Rill and gully morphodynamics and sediment flux: Implications for drainage network development and landscape evolution
Gordon, Lee M.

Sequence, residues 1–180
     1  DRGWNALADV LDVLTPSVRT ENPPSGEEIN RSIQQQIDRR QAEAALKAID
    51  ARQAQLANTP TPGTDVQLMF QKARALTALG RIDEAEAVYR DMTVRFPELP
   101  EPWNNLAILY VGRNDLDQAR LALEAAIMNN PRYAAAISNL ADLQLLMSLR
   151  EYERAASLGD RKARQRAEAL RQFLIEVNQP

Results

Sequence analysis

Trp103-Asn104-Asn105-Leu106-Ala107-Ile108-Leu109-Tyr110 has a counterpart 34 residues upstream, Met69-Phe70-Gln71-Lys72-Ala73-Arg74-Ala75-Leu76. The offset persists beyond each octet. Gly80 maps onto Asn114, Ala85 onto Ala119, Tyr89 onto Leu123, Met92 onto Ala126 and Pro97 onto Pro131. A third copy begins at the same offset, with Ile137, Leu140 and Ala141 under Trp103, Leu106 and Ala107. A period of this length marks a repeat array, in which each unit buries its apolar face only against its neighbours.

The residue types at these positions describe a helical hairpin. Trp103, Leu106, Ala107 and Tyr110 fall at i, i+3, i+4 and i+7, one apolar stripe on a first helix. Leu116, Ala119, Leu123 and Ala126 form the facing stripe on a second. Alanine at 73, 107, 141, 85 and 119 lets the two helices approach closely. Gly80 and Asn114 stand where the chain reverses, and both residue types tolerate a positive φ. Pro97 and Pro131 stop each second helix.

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Rill and gully erosion, as conditioned by actively migrating headcuts, contributes greatly to overall sediment yield from landscapes in a range of environments worldwide. Accurate prediction of rill and gully development in space and time remains elusive because gaps remain in our understanding of morphodynamics of rill and gully formative processes and the associated sedimentology. This research tackles a number of fundamental questions in order to further understanding and provide the basis for improvement of prediction technologies. A number of experimental and analytical approaches are used to investigate rill and gully development through headcut erosion. Headcut morphodynamics in stratified soils are examined in detail and shown to exhibit steady-state behavior. An analytical model of headcut development and migration is shown to be capable of predicting headcuts in stratified soils. A numerical model is used to simulate ephemeral gully erosion driven by headcut migration over long time periods, under different agricultural management practices, in a range of environments. It is shown that ephemeral gully erosion repair through tillage operations greatly increases sediment yield over the no-till condition. Rill networks driven by exogenic forcing (headcuts created by baselevel drop) are examined in an experimental landscape using data acquisition techniques with very high spatial and temporal resolution. Detailed information on sediment budgeting through time and space is developed, as are longitudinal profiles, cross sections, and hydraulic geometry relationships. Headcut erosion is shown to be genetically linked to virtually all sediment detachment within the landscape. Baselevel adjustments resulted in peaks in sediment discharge as headcut-driven waves of degradation propagated throughout the landscape. These waves of degradation were quickly and effectively communicated through the drainage network. Rates of headcut migration were shown to be well correlated to discharge. Stream order indices and fractal dimensions indicate that the rill network pattern emerges relatively early and remains relatively unchanged, despite continued application of rainfall. Rill basins do not exhibit self-affinity observed for river basins – they are geometrically self-similar at a range of scales within the experimental geomorphic environment.